Each participant collects donations in support of the Girl Scouts of Southern Arizona. Every penny stays right here in Southern Arizona helping girls in our community access programs that emphasize hands-on learning, life-skills development, service-learning projects, self-esteem building, financial literacy, career exploration and building sisterhood.

Marini’s support of the Girl Scouts’ mission to foster leadership and independence in young women has a personal perspective. “As a parent to both a girl and a boy, I want to make sure that my daughter has all the same opportunities as my son,” he said. “I understand the value and impact of outdoor activities in building character. Encouraging girls to reach their full potential helps us all in our community. This is also just going to be a lot of fun.”

“By going Over the Edge, Frank is helping foster leadership in half of the next generation that still, today, doesn’t have the same opportunities to lead,” said Julia Strange, vice president of TMC Community Benefit and a board member of the local Girl Scout council.

“A Girl Scout hashtag says it all: #ToGetHerThere,” said Strange, who went Over the Edge in 2015. Marini will make the descent at 11:35am.  Support Marini going Over the Edge by clicking here.


Teenager’s heroic efforts save a fellow student’s life

October 15 was just an ordinary day at University High School until something extraordinary happened.  The marching band was taking a break from a rehearsal when they all lined up for dinner.  Suddenly Chris Miller, a sophomore, collapsed and started seizing.

Everyone froze.  A circle formed around him.  All Erika Yee, a junior, remembers hearing is, “Does anyone know CPR?” 

She did.

In fact, it was very fresh in her mind.  Just four months prior, Erika attended Camp Fury, a Girl Scouts firefighting camp in which she learned compression-only CPR.

Erika admits she didn’t really think about what was happening.  She just sprang into action.  “I raced over to him, and checked for a pulse.  I didn’t feel anything.  He had all the signs of cardiac arrest.”  Erika started chest compressions immediately – a move that ultimately saved his life. 

Janet Studley, a parent volunteer who spent time as a nurse, monitored Chris for a heartbeat, and kept his airway open while Erika continued to pump his chest.  “I was doing compressions for about three minutes, but it felt like 20 minutes,” she recalls.  “Paramedics got there, and took over.  It wasn’t until after Chris was on his way to the hospital that everything really started to sink in.” 

Chris was rushed to TMC, where he remained for the first two days of his treatment.  “When people told me what happened, I was just so grateful to be alive,” he says.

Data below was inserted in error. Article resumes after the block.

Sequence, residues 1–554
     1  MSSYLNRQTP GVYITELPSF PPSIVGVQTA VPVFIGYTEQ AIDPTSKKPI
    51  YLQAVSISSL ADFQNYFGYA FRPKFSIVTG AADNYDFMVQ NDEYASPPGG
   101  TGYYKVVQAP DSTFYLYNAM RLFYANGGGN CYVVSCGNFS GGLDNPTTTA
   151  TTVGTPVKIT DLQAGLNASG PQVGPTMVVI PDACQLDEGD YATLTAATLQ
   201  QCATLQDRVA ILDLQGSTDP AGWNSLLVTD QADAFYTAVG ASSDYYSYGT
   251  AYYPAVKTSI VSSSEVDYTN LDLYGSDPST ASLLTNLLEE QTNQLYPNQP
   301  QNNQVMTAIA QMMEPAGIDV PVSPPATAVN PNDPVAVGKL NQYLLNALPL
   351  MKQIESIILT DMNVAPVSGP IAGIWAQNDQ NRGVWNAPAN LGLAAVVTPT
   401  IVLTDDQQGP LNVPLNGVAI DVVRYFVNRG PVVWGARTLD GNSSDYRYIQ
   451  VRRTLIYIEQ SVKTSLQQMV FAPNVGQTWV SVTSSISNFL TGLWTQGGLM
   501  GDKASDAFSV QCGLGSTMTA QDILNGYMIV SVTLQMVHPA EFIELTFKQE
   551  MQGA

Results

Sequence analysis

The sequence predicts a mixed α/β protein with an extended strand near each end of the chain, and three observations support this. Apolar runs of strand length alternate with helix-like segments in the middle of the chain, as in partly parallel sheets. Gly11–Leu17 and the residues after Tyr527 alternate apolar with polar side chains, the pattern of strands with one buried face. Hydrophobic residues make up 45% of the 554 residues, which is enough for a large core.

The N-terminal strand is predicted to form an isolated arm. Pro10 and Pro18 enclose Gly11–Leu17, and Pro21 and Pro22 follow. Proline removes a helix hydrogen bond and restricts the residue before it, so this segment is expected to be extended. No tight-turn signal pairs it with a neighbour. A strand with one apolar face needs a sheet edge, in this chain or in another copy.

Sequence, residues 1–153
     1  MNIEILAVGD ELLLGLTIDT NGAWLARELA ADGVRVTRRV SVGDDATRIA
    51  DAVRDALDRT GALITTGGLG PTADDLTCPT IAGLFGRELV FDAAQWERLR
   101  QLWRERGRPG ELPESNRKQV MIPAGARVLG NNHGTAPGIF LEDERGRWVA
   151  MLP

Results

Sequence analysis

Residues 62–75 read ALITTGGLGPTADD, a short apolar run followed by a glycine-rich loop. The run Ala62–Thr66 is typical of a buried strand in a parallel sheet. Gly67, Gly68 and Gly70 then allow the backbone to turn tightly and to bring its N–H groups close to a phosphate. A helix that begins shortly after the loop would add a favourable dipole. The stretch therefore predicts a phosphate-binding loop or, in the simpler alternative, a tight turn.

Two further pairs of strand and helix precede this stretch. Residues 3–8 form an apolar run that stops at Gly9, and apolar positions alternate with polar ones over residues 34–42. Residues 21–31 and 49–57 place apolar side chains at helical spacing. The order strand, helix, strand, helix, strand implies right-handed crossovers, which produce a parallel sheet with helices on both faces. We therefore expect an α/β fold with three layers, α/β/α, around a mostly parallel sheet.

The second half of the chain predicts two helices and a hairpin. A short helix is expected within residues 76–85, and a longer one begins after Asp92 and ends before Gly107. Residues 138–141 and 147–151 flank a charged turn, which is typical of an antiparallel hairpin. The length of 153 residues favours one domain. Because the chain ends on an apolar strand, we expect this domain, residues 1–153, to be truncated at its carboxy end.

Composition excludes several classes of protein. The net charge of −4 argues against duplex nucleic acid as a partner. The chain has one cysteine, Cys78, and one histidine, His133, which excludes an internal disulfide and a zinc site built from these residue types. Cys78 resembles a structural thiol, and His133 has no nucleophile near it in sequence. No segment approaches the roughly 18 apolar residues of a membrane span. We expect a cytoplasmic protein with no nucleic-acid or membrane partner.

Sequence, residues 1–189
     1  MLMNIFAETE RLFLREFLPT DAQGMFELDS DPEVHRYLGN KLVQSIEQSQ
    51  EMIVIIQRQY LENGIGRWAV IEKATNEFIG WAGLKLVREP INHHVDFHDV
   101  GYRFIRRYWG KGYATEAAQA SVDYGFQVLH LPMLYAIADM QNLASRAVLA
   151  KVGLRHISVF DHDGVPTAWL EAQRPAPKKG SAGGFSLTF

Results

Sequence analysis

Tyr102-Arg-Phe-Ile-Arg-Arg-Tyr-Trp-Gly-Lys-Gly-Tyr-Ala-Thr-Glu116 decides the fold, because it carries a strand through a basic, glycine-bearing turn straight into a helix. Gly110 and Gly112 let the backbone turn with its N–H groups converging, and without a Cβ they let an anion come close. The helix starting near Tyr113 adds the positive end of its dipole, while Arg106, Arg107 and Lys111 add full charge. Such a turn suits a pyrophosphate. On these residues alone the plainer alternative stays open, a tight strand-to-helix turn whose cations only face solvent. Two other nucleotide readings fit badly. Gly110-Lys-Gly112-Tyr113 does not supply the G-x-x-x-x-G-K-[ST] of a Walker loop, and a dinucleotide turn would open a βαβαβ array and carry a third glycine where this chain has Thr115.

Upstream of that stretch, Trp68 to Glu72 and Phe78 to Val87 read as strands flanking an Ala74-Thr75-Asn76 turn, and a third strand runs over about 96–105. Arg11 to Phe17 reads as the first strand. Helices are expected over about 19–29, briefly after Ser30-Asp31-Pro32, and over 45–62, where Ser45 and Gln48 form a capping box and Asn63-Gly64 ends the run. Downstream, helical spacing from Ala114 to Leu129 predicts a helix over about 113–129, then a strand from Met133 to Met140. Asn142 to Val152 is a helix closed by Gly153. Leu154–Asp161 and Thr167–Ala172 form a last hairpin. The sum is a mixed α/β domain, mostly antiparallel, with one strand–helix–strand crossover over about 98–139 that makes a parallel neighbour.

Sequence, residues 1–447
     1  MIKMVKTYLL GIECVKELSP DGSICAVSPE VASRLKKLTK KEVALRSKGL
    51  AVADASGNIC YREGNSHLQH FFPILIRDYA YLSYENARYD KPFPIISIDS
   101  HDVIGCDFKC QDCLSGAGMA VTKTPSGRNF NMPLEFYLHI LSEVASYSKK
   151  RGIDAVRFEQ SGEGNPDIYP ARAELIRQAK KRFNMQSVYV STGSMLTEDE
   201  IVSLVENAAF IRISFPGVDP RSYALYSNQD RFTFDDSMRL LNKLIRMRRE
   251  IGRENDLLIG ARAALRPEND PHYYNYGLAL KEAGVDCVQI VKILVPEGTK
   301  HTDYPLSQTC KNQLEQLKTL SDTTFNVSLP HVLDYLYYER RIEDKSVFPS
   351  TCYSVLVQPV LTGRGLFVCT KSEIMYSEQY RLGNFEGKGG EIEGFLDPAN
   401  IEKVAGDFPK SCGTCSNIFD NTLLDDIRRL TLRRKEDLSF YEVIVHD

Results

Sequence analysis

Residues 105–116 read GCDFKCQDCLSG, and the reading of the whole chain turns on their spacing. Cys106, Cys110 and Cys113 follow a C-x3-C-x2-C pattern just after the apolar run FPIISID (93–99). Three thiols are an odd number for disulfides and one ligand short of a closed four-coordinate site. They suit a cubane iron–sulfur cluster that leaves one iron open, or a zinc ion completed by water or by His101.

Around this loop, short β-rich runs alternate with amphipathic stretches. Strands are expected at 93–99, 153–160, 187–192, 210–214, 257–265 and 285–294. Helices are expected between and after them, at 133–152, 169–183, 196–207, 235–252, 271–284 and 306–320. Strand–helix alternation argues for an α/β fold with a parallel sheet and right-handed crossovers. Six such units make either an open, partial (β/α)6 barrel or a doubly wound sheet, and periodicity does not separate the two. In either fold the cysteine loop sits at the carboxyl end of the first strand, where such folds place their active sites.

To this day, doctors can’t fully explain why Chris’ heart did what it did.  In the event it happens again, though, a defibrillator that was surgically inserted in his chest will shock his heart into beating again.

Chris says his outlook on life has changed since that day:  “I truly appreciate every day now.  It’s kept me motivated to keep doing what I’m doing.”

The experience has also been life-changing for Erika, who grew up wanting to be a dermatologist.  Her aspiration now?  To become a paramedic.  She says, “The medics who came on scene said if Chris hadn’t gotten those chest compressions, he likely wouldn’t have survived.  I am so grateful for what I learned in Girl Scouts at Camp Fury.  I’m so glad that I have these life-saving skills.”

Debbie Rich, the CEO of Girl Scouts of Southern Arizona, says what Erika did is right in alignment with who she is as a person.  “I am so thankful that she had the leadership skills to take charge of the situation, and she knew what to do.  She told me that the reason she could handle that was because she’s a Girl Scout, and that’s what Girl Scouts do.  I think the Camp Fury experience gave her the skills, and added to her confidence, but I think she is just wired that way because she’s been a Girl Scout since she was 5 years old,” says Rich.

erika yee“I didn’t think what I did was really a big deal, but a lot of people did,” Erika says. 

City of Tucson Mayor Jonathan Rothschild recognized Erika with a copper plaque for her heroic efforts.

How did Chris’ parents thank the young woman who saved his life?

“We just hugged her, and cried, and said ‘thank you.’  We are just so glad she was there.  We just can’t thank her enough.  I’m really glad she is getting recognized,“ says Sarah Ann Miller, Chris’ mom. 

To see the story that appeared in the Arizona Daily Star, click here.  
For more information on the Girl Scout’s Camp Fury, click here.
For a video on how to perform compression only CPR, click here.